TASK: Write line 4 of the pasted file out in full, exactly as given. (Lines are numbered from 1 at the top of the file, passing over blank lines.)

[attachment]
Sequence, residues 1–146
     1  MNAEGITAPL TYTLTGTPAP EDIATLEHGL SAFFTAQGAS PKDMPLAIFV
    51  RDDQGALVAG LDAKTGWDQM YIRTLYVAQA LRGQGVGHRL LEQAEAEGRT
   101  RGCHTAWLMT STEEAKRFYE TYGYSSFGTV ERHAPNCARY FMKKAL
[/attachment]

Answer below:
   101  RGCHTAWLMT STEEAKRFYE TYGYSSFGTV ERHAPNCARY FMKKAL